Long before it was a CBS investigative journalism show, 48 Hours was known as the movie that launched the film career of Saturday Night Live performer Eddie Murphy as well as gave rise to the buddy/action genre.
Over at Movie City News, a new weekly column has launched where screenwriter Larry Gross shares his own journal entries, misspellings, grammatical errors and all, from the time period he was involved in the making of the film. So far, two installments have been published covering the first five weeks or so that Gross has been involved with the film (Part 1 is here and part 2 is here) and it makes from some great, if at times shockingly candid, reading.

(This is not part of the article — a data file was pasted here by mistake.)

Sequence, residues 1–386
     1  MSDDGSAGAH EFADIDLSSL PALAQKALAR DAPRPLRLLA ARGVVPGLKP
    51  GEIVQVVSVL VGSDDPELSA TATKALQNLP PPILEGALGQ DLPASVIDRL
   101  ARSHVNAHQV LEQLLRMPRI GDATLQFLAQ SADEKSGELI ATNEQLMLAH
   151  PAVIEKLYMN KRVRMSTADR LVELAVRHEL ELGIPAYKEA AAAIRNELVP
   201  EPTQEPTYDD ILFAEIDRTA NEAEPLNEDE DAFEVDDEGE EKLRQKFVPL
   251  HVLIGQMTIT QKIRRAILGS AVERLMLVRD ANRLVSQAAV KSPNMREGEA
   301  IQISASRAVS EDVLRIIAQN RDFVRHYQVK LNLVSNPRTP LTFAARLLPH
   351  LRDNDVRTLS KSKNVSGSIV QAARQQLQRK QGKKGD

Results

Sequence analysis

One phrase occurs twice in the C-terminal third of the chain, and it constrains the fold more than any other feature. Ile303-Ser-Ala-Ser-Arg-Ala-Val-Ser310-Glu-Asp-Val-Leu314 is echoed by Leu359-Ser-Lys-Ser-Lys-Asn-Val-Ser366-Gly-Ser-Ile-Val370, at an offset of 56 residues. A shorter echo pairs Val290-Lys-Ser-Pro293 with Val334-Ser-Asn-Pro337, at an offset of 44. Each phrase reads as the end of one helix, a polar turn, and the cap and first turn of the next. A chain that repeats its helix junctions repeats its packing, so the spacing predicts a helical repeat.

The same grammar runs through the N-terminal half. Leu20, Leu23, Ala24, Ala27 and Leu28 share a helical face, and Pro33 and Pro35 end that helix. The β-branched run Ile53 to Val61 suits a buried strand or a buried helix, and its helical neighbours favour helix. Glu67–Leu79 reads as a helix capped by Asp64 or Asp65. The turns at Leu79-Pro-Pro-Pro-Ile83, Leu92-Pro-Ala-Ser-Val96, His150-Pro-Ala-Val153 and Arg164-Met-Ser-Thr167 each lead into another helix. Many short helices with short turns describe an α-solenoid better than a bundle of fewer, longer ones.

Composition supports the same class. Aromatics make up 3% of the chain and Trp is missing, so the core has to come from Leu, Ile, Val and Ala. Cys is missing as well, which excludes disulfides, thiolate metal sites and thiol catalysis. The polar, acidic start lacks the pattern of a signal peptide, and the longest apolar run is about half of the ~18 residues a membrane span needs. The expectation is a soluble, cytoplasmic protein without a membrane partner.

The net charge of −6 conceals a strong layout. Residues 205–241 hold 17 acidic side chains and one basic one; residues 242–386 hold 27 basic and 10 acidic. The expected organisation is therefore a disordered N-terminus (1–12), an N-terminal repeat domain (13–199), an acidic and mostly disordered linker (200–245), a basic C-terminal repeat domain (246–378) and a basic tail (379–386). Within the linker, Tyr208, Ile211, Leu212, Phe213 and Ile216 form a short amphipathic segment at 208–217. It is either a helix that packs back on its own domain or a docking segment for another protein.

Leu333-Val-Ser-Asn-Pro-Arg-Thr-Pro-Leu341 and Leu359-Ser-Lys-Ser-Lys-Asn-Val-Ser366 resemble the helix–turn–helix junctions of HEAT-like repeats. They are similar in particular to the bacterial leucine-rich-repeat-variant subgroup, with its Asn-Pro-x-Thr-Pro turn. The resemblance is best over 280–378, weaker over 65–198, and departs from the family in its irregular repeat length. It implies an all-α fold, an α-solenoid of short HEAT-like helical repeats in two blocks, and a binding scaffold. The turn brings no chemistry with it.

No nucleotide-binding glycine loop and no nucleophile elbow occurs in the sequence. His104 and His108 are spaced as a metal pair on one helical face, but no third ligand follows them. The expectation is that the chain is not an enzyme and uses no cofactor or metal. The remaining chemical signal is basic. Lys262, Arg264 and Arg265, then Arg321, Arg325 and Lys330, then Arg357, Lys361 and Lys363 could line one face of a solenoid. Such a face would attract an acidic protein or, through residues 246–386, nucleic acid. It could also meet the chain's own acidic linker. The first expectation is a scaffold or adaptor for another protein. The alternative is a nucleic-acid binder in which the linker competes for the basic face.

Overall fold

What’s fascinating is that at this point in 1982, Hollywood has transitioned out of the studio system that defined the industry and allowed it to thrive for decades into a system more run by mavericks. However, there is still a knowledge of what has gone before them, especially when Gross recounts a dinner conversation that culminates with 48 Hours director Walter Hill comparing himself to Howard Hawks and Steven Spielberg, whose ET was on the verge of being released, as Victor Fleming.